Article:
Air travel is largely regarded as the safest mode of transport, when it comes to the safety and care of passenger luggage. Rarely will you hear cases of lost luggage, especially among the reputable brand names in the industry.
That is not to say luggage loss does not occur. Indeed, according to a report by SITA, the world’s leading air transport IT and communications specialists, the world’s airlines lost a staggering 25 million pieces of passenger luggage in 2009.
That translates to almost 3,000 bags every hour of every day, all year long! SITA goes on to say that 52% of these losses occur during aircraft transfers; 17% are due to loading failure; 13% are caused by ticketing error, bag switch, security or other; 7% are either held by the airport due to space or weight restrictions, customs and bad weather.
The report further indicates that 7% of the losses occur due to loading or unloading error; 4% result from arrival station mishandling while 4% are caused by tagging error.
In spite of these gloomy statistics, it is reassuring to know that at least 96.6% of all misplaced or missing bags do manage to reach their owners at some point within the 100 days that will be spent trying to trace and recover your lost luggage.
This however means that some 800,000 bags end up unclaimed. So what are the airlines and other bodies dealing with lost luggage doing during these 100 days to try and reunite your bag with you?
The first step an airline will take to try and trace your luggage is look for any obvious contact details attached or inside the luggage. Airline employees will open the luggage and check it for any form of identification among your items. If no obvious contact details can be found, most airlines will then turn to the World Tracer System.
The World Tracer System brings together data from various airlines globally and tries to use it to match bags to their owners. The system uses tag numbers to match luggage in terms of luggage type, colour and brand. When a match is made, the item is forwarded to the nearest airport to you bearing a ‘Rush Tag’ where it is then delivered to your contact address.
If the tracer system does not churn out something within the 100 day period, then sadly your bag will be auctioned off by airlines and the proceeds of such an auction apparently goes off to support some noble charitable cause out there.
Most of the unclaimed items are sold-off as a package although several airlines are known to filter out expensive items like designer jewellery, electronics, watches and the like and sell these separately.
There have been, however, claims that some of the items earmarked for auction never get to the auction houses because unscrupulous airline employees help themselves to the spoils.
In a similar fashion to History channel’s Storage Wars, buyers bid on items they have no or very little clue on their value. Ultimately your items may end up on eBay or some other on-line system or they may never see the light of day again as they quickly become souvenirs to the bidders.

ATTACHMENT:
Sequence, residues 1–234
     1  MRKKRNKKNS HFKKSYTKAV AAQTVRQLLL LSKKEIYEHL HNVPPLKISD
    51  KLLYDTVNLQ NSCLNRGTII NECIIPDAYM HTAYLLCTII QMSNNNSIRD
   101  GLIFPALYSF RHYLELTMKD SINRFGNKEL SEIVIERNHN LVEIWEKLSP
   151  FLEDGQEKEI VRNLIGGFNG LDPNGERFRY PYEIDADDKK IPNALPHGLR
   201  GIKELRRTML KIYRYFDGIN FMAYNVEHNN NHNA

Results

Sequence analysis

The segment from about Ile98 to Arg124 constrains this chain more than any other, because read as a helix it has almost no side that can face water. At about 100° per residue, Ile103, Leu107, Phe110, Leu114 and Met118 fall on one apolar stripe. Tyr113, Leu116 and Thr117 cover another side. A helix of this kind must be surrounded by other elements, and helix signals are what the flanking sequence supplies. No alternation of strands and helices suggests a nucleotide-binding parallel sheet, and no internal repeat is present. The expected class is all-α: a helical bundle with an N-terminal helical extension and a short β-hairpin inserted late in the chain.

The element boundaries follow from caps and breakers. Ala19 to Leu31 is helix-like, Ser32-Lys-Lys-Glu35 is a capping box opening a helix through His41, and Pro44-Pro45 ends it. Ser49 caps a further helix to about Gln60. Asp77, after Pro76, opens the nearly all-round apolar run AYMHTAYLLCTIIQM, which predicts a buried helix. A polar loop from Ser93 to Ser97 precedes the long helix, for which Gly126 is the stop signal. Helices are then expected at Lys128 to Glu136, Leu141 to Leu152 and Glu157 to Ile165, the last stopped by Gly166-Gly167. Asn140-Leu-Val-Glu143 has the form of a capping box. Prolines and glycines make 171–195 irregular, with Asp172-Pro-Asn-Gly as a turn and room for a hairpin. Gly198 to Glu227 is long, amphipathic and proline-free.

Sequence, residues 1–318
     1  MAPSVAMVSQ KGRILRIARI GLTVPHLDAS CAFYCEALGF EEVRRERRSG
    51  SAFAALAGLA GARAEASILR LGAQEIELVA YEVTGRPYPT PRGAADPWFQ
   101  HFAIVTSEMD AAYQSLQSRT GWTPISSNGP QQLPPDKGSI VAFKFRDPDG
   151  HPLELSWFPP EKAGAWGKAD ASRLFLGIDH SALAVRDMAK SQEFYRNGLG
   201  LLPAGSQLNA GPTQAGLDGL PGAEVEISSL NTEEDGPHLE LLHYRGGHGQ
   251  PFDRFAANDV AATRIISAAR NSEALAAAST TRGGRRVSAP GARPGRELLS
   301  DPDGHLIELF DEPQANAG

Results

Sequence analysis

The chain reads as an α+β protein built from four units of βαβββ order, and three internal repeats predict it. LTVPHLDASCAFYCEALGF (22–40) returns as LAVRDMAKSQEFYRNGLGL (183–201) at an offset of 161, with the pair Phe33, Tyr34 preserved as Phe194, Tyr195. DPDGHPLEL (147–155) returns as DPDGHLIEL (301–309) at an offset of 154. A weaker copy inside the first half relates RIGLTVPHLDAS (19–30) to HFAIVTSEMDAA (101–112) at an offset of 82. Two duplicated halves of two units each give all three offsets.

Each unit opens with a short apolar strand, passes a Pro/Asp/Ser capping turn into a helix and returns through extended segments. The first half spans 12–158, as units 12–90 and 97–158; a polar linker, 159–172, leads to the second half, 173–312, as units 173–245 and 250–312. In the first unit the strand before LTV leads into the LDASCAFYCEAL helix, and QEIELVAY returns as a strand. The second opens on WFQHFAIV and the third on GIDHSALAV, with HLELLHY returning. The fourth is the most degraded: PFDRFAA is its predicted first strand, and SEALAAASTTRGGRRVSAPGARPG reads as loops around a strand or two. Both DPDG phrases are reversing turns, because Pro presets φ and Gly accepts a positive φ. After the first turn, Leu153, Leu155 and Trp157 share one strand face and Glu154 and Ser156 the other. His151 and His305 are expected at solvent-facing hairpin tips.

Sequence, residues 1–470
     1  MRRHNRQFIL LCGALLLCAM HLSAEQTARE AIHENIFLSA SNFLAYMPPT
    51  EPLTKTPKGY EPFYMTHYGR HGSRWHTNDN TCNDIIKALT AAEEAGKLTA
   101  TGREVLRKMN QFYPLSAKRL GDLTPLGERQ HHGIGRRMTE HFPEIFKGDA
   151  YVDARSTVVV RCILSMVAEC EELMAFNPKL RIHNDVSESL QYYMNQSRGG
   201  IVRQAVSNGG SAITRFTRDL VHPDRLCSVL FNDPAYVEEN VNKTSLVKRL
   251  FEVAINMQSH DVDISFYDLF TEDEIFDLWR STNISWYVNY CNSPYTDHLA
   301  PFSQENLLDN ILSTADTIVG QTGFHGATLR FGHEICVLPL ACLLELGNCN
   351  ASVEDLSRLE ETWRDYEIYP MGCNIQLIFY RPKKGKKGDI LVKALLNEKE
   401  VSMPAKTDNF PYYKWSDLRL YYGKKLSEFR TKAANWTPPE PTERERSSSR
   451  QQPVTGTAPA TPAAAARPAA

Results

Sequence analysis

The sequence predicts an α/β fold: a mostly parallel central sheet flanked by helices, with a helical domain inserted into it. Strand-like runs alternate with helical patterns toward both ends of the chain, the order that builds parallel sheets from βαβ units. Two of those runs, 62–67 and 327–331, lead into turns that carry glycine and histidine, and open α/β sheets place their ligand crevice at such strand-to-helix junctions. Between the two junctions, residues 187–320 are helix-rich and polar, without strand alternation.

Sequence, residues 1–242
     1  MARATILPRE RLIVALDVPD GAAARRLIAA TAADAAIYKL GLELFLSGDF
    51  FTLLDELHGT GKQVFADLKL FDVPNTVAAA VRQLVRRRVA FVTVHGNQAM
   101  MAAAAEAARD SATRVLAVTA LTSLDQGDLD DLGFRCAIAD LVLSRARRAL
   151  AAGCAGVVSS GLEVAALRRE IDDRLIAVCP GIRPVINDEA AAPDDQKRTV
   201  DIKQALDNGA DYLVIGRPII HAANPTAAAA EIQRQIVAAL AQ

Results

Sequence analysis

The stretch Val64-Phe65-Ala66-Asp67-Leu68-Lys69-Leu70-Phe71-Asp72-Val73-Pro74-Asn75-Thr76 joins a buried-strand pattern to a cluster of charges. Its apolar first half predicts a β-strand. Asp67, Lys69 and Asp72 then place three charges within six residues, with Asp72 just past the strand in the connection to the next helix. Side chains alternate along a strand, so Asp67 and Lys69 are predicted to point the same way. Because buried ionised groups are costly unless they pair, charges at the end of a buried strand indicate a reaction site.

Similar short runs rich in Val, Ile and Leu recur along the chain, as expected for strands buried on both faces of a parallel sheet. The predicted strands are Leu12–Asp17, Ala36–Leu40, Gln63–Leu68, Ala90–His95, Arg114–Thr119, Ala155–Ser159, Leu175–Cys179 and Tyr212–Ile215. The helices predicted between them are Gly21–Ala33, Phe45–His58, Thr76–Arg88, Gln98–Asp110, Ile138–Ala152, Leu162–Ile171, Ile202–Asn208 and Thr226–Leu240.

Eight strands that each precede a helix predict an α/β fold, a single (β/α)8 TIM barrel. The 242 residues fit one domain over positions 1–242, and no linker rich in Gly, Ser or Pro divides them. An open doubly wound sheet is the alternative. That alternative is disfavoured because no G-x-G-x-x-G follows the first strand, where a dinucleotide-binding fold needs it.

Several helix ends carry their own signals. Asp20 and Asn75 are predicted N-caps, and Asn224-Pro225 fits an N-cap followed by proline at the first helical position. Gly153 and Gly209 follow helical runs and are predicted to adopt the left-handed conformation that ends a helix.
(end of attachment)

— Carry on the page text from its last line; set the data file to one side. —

Perhaps the most worrying side to this story is the growing base of evidence pointing to the fact that most airlines do not even heed to the 100-day rule. Some airlines have been known to rush traveller luggage to auction houses way before the 100 days have lapsed.
Bidders have even claimed they came across contact details of the owners in some of the items they purchased in the auction houses leading to the conclusion that some airlines do not try hard enough to connect lost luggage to its owners.
A lot is happening currently to reduce the chances of luggage loss. Recall for instance, a story we did a while ago about how mobile-based bag tracking is helping travellers track the location of their bags directly from their mobile handsets? That and many other similar initiatives are now in place to reduce even further the rate of luggage loss as one moves between airports.
All said and done, the whole issue of luggage handling during travel needs to begin with us. Whether you lose your bag or not, has a lot to do with your own level of responsibility to your luggage. There are simple and basic precautions we could take to make the system even more fail-safe.
For instance, at the very minimum, most reputable airlines, besides the usual bar-coded tag whose details are also captured on your boarding pass, give out free name tags with an elastic band you can quickly fill-out your contact details and wrap around your bag. How many of us remember to use those ones?
You could also take a travel insurance policy so that in the event you are not lucky to recover your luggage, the insurance company will compensate you for the loss. The challenge with this one might be, how many travel insurance companies are there in Kenya to offer this service?
Bags now in the market come with their own secure name tag holders you should make a habit of using – it is not showing-off! It is being extra careful. This way we can travel easier knowing we shall never part with our dear luggage at any one time and if we do, the airline we have used, will find it very easy to track it.